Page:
Next, a saturated Cholesky decomposition of the monozygotic and dizygotic twin correlations among our 22 disorders was performed in Mx. A diagonally weighted least squares fit function was implemented in Mx (42) to maximize the agreement between the observed statistics and those predicted by the model. The squared deviations between observed and expected correlations were weighted by the inverse of the asymptotic covariances of each statistic; these weights were computed using Mplus. Because of the large number of variables in the model, we had to use limited-information diagonally weighted least squares instead of the more desirable full-information maximum-likelihood approach. A diagonally weighted least squares fit function was implemented in Mx to fit a two-group (monozygotic and dizygotic pairs) Cholesky model including additive genetic (A) and unique environmental (E) parameters to these estimated polychoric correlations and asymptotic weights. Because standard estimating functions could not be used, ordinary statistical indexes were not available to evaluate model-data fit and to compare nested models.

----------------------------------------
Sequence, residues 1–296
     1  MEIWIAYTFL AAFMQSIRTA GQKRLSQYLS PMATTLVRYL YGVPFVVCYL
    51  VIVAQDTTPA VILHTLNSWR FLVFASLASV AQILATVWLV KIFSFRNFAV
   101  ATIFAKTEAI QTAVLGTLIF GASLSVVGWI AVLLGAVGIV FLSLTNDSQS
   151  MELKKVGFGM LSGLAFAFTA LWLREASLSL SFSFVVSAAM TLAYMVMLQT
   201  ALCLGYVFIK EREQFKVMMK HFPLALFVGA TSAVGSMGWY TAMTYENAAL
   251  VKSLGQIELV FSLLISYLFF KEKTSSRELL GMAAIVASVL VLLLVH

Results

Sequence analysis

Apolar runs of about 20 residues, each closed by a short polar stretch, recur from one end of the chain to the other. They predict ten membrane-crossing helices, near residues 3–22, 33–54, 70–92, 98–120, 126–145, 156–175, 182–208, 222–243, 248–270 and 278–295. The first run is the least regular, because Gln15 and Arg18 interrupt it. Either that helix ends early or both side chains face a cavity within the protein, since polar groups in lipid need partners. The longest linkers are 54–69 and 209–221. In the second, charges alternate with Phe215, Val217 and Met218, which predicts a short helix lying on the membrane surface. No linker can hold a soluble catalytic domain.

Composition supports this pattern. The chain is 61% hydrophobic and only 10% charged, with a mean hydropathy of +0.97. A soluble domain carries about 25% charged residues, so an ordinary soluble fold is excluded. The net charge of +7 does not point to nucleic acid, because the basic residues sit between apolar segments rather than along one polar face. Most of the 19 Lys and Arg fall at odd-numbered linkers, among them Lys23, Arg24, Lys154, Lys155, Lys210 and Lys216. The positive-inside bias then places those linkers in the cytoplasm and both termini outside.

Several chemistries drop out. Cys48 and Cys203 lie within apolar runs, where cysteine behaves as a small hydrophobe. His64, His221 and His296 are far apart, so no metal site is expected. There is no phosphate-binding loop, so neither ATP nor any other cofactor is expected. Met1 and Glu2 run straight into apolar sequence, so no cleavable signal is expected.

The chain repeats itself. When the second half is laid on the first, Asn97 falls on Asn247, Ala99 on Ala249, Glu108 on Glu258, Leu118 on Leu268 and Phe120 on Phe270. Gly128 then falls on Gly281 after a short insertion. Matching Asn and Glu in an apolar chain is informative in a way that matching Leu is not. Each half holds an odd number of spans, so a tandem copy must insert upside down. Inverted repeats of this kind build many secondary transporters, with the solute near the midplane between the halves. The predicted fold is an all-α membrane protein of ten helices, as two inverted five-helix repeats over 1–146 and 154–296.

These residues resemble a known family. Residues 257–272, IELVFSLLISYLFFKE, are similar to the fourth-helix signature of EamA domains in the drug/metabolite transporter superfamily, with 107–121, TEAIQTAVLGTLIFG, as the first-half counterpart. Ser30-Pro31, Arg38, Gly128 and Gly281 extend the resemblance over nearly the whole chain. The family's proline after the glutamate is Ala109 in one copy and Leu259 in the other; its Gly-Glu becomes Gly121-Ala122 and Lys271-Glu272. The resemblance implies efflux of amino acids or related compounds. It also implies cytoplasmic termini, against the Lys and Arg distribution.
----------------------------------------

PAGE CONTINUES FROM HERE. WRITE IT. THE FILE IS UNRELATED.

After obtaining estimates of the A and E parameters of the Cholesky decomposition model, the estimated Cholesky path coefficients were converted and rescaled into A and E correlation matrices for the 22 variables, which then served as the input to exploratory factor analyses performed in Mplus 5.21. Exploratory factor analyses were conducted using an unweighted least squares estimator because of the nonpositive definite properties of the A and E correlation structures. The geomin rotation method in Mplus was used to obtain the oblique rotation of the chosen exploratory factor analysis solution. We used oblique rotations because we wanted to examine the magnitude of the relationship between the resulting genetic and environmental factors.
The exploratory factor analysis of the genetic correlation matrix produced four eigenvalues above unity: 9.88, 3.19, 1.85, and 1.53. A scree plot was consistent with an inflection break at either three or four factors. The fourth factor identified a coherent factor of five disorders (genetic factor 4 below) and so merited retention. By contrast, a fifth factor included only one syndrome with a substantial loading (eating disorders)—a clear sign of overextraction. Furthermore, the four-factor solution provides a reasonable summary of the matrix of genetic correlations seen in Table S3 in the online data supplement.